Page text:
Re: Magnetic Tape Edit - "Butt-Jointed"?
« Reply #12 on: February 23, 2021, 01:52:26 PM »
Im not trying to argue that for most purposes a diagonal splice will be more appropriate .
In some cases a diagonal cut just isnt appropriate like for instance if you wanted to edit parts on 2 inch tape , likewise editing a stereo recording at the start and finish where theres silence youd mostly go with diagonal, If you were editing the music itself Id say straight cut is most appropriate . As I said previously the quality of the result you get in any case is down to technique and materials ( good hands, good sticky tape ,good block ,good blade).

What Ive personally found with the copicat is diagonal splices tend to open up after a while , the capstan has a very narrow diameter so the tape has to go around a tight radius and the entire tape loop remains under tension at all times .

I did quite a bit of 1/4 inch tape editing back in the mid 90's , mostly adding lead-in and lead-out sections in green and red respectively , but also some musical edits . Im not really sure how the rotary head digital machines come into the discussion about tape editing , as far as I know formats like that arent editable . Just as an example an ADAT tape uses the rotary head type set up , I never heard of anyone trying to cut or splice those. The Sony Dash multitrack recorders had stationary heads, I never worked with those machines but again I never heard of anyone trying to edit the tapes either. 

Anyway just my thrupence worth , we wont fall out over it  :)
I might dig out my copy of 'Sound Recording Practice' later and see what the APRS had to say on the matter .

abbey road d enfer

Re: Magnetic Tape Edit - "Butt-Jointed"?
« Reply #13 on: February 23, 2021, 02:02:47 PM »
The rotating drum head machine you describe was called the Eltro, and it was a fascinating piece of engineering!
I remeber seeing a film, maybe it was Zappa's 200 motels, where they were having a big laugh with this machine.
Who's right or wrong is irrelevant. What matters is what's right or wrong.
Star ground is for electricians.

JohnRoberts

Cancel the "cancel culture", do not participate in mob hatred.

Whoops

Re: Magnetic Tape Edit - "Butt-Jointed"?
« Reply #15 on: February 23, 2021, 03:10:11 PM »
What Ive personally found with the copicat is diagonal splices tend to open up after a while , the capstan has a very narrow diameter so the tape has to go around a tight radius and the entire tape loop remains under tension at all times .

I always did my copicat tape loops with a diagonal cut and never had noise or pop in the spliced area.
I remember a copicat from a friend was making that noise, I don't remember how his loop was cut.

I can try both also a see if it matters, if not I will continuing using the diagonal cut.

right now I have another problem, I had some hum in the copicat, so I replace all the original lytic caps with new caps.
Now the Hum is worse... Go figure

Hum is stronger at 100hz but also has 50hz and harmonics.

Re: Magnetic Tape Edit - "Butt-Jointed"?
« Reply #16 on: February 23, 2021, 03:41:54 PM »
Interesting historical about the rotary head machines .
A device called the Tempophon springs to mind .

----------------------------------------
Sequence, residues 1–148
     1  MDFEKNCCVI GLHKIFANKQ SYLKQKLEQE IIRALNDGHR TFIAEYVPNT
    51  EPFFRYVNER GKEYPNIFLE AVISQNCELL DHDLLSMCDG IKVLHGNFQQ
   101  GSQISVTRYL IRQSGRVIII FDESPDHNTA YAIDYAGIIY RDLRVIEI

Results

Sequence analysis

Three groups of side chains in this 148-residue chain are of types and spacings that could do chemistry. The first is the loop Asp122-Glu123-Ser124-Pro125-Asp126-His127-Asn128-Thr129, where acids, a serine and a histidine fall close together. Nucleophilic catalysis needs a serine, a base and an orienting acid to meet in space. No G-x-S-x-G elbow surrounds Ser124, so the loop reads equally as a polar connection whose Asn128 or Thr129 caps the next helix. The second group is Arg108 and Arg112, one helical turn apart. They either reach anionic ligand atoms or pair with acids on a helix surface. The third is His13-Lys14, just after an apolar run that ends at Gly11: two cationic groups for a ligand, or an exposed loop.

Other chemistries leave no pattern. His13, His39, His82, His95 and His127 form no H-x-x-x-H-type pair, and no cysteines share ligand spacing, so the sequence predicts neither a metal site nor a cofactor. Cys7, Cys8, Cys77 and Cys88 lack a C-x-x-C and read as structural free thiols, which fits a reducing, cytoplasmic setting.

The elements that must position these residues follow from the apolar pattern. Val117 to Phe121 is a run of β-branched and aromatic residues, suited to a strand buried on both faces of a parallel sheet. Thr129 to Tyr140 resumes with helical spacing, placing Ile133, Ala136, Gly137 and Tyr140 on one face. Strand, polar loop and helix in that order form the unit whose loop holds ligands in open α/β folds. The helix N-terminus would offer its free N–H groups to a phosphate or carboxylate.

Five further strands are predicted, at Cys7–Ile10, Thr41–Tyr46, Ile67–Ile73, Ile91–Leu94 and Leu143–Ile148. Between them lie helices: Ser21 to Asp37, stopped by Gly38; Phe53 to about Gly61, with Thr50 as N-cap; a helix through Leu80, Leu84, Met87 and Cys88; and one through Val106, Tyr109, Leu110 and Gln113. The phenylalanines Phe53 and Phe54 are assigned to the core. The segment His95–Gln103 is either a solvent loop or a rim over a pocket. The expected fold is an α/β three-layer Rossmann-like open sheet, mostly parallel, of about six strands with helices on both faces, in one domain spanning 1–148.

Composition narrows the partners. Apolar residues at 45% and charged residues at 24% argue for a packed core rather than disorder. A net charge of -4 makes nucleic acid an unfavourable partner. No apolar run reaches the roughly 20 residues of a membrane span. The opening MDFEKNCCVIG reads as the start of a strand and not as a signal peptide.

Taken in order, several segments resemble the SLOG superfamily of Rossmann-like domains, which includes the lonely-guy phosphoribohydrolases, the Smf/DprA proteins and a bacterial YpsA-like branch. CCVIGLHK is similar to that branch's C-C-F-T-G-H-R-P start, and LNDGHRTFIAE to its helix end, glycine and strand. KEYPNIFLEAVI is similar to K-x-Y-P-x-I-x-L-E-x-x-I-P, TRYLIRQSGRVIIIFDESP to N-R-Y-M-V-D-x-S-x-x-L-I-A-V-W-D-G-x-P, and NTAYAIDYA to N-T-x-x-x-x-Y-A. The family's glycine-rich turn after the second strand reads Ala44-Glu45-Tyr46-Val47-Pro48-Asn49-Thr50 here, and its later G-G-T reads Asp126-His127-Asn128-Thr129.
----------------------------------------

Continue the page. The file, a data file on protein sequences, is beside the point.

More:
https://wikidelia.net/wiki/Tempophon
Seems to have used the rotary head principle to manipulate pitch , I wonder if theres any sound clips of it .

Yeah hum is very common in the Copicat , you probably have multiple sources like motor , power transformer and residual hum in the supply all mixing in,  adding and subtracting .
On my MkII I replaced some unscreened very highZ wiring with screened and got a beneficial improvement . I also made it full wave rectification on the HT supply which again helped quieten things a bit more. The synchronous AC motor was a big cause of interference ,it was only after I converted that to a much smaller DC speed controlled motor that I got good noise performance. 

Whoops

Re: Magnetic Tape Edit - "Butt-Jointed"?
« Reply #17 on: February 23, 2021, 03:56:57 PM »
Yeah hum is very common in the Copicat , you probably have multiple sources like motor , power transformer and residual hum in the supply all mixing in,  adding and subtracting .
On my MkII I replaced some unscreened very highZ wiring with screened and got a beneficial improvement . I also made it full wave rectification on the HT supply which again helped quieten things a bit more. The synchronous AC motor was a big cause of interference ,it was only after I converted that to a much smaller DC speed controlled motor that I got good noise performance.

I have 2 units, both solid state.
One is MKIV and the other is IC-300.

The PSU seems a bit crude also on these units I think it could be improved a bit, I will check if I did something wrong on the re-cap, or if I messed the position of any wires, if I can't find it I will do a thread with the problem.

Thank you all for you insights

Re: Magnetic Tape Edit - "Butt-Jointed"?
« Reply #18 on: February 23, 2021, 04:03:34 PM »
Its a quirky box of tricks the Copicat .
I think even Old Man Watkins himself acknowleged it was an engineering accident it actually worked .

Whoops

Re: Magnetic Tape Edit - "Butt-Jointed"?
« Reply #19 on: February 23, 2021, 04:52:22 PM »
Its a quirky box of tricks the Copicat .
I think even Old Man Watkins himself acknowleged it was an engineering accident it actually worked .

Yes, it's pretty simple and crude, but it works.
On the MKIV unit I redid all the wiring locations.In stock form the Output cable and the footswitch cable that has the wet signal leave the unit together with the Mains Cable, probably separating them from the Mains cable will reduce some hum induction. I have a broken jockey arm on that one and I will do a replacement in the 3D printer, after that I will test if changing the wires location  improved the noise figures.

On the IC-300, re-cap done and hum got worse...
Thats pretty strange